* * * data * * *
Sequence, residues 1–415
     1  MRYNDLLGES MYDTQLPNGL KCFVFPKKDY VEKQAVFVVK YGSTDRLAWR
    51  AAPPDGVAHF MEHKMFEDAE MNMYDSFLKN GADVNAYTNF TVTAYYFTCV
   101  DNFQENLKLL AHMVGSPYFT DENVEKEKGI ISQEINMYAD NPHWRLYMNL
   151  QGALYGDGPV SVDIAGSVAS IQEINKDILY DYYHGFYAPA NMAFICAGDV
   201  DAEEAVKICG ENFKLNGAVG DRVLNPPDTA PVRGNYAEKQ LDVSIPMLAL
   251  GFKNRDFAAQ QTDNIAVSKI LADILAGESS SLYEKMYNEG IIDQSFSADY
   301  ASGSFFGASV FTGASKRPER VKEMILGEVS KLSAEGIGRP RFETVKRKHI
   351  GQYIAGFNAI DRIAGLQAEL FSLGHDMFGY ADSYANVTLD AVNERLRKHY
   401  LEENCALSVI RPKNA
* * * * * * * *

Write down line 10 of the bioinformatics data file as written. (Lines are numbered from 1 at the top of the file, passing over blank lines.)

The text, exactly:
   401  LEENCALSVI RPKNA